Posts Tagged ‘Donald Hall’
May 15, 2013 | by Adam Sobsey
In Ivan Weiss’s trailer for Bull City Summer, guest photographer Alec Soth says, “What I’m doing here isn’t about the game of baseball.” Soth isn’t the first project participant to say this (or words to that effect). The notion has been with us virtually since Bull City Summer was conceived, more than two years ago. It has since grown into an informal slogan.
It’s curious to say that a project about a baseball team, set in and around a baseball park, isn’t about baseball. But in fact, the diamond has long refracted our attention outward from itself: Walt Whitman compared baseball to America’s laws and Constitution; more recently, Michael Chabon wrote, in Summerland, “A baseball game is nothing but a great slow contraption for getting you to pay attention to the cadence of a summer day.”
The “summer day” part is a little too pastoral for me (the vast majority of games are at night, anyway), but Chabon is right that a ballgame, with its pauses and blank spaces built around what Whitman called the “snap” and “fling” of the game’s energy and action, encourages you to take in everything around it—everything that “isn’t about the game of baseball,” as Soth says. Chabon and Soth are getting at why we call baseball the national pastime instead of the national sport. Read More »
February 26, 2013 | by Rhoda Feng
The Grolier Poetry Book Shop in Cambridge, Massachusetts, is both a misnomer and an anomaly. It has long dedicated itself to the task of promoting the reading and writing of poetry and has, for eighty-five years, served as a niche for poets the world over. While its reputation has bloomed over the years, thanks largely to word-of-mouth praise, it has never fared well financially, partly due to competition from larger stores and the Internet, partly because poetry has never been popular with the masses, and partly because its founder seems to have done everything in his power to ensure that his store not be turned into a business.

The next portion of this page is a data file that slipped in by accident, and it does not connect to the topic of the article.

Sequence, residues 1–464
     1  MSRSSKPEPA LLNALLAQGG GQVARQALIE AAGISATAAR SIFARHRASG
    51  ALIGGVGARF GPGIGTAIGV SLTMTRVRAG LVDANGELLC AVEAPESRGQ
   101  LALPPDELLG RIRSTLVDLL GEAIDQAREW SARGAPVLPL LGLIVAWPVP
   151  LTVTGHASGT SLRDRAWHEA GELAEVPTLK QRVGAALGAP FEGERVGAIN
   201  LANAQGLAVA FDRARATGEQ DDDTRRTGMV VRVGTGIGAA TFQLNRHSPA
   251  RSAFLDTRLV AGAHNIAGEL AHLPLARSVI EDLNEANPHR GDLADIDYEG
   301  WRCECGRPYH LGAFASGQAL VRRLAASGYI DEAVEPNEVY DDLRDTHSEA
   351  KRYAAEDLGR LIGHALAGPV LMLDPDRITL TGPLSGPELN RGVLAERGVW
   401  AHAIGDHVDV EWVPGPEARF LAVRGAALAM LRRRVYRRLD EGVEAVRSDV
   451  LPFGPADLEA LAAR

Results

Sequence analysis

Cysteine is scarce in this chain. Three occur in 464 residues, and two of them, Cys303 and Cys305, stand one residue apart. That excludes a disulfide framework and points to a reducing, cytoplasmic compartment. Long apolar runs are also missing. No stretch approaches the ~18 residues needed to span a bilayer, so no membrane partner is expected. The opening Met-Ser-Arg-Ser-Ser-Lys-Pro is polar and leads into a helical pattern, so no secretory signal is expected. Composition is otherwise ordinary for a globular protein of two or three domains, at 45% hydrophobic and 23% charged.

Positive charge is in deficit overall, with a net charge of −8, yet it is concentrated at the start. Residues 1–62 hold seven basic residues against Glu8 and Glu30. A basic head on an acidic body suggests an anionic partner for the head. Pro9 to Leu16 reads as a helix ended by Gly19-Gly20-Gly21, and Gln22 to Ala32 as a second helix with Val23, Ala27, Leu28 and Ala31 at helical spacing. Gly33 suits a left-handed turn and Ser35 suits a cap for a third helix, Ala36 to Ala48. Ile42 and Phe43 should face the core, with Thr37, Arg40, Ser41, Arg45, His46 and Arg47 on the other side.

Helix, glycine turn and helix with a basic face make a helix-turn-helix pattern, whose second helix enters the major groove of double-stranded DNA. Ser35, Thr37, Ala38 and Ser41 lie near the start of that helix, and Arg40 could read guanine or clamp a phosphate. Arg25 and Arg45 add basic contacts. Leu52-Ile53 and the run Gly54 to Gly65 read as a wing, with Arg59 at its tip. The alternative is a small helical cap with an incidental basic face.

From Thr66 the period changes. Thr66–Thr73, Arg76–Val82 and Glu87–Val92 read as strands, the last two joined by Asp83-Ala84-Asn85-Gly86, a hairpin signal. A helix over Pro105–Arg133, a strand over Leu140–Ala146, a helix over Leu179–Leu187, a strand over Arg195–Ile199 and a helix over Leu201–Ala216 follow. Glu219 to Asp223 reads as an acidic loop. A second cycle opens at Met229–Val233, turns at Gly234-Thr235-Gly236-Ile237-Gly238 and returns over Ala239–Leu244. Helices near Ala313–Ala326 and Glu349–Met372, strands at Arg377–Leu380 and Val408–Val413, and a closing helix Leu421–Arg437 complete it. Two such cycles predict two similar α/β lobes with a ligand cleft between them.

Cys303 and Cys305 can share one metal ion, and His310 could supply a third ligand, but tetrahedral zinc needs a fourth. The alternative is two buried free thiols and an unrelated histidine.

Located on Plympton Street in Harvard Square, the Grolier occupies just 404 square feet of space and is dwarfed by the neighboring Harvard Book Store. A white square sign with meticulous black lettering juts out near the top of the store entrance. The font size decreases from top to bottom, much like on an eye exam chart, and one can just make out, at the very top, a finely done illustration of three cats (or is it the same cat?) dozing, grooming, and turning their backs on the viewer.
Upon ascending a small flight of steps, one is greeted by the sight of an abundance of colorful spines—approximately fifteen thousand—neatly arranged against nearly every flat surface of the shop. These volumes are neatly balkanized into several categories, including anthologies, used, African-American, early English, Irish, Russian, Chinese, Iranian, Indian, Latin, classical Greek, Japanese, Korean, East European, Spanish, and Catalan.
Above the towering shelves are approximately seventy black and white photos (many courtesy of the photographer Elsa Dorfman) of poets and other members of the literati for whom the Grolier has served as a meeting place for well over half a century. Among the Grolier’s most illustrious visitors, most of whom are smiling or gazing sagely and serenely ahead in the photos, are T. S. Eliot, Robert Lowell, Elizabeth Bishop, e. e. cummings, Marianne Moore, James Tate, Donald Hall, and Helen Vendler.
Off to one side at the front of the store sits a lean shelf of chapbooks and a donation jar; a small note says that the chapbooks have been generously donated by the author and that monetary contributions to the shop would be greatly appreciated. Directly across this bookcase is the cash register, propped up on a desk and flanked by sundry items, including bookmarks, promotional literature, pamphlets, business cards, and commemorative pens. On the wall right adjacent to the register hangs a certificate from Boston Magazine honoring the Grolier as the best poetry store of 1994. Read More »
May 8, 2012 | by Edward Moran and Phillip Witte
A great stag came out of the woods,
Broad-antlered, approaching slowly on the moonlit field,
And looked about him like a king and re-entered the dark.
The seismic shifts in American culture since 1960 have made footing precarious indeed for those broad-antlered poets who wrote in a hieratic and philosophic diction. Eschewing the more vernacular excursions of the Beats or the confessional poets of the 1970s, Plutzik published three full collections of poems, the last, Horatio, an eighty-nine-page dramatic poem in which Hamlet’s friend grapples with the charge to “report me and my cause aright.”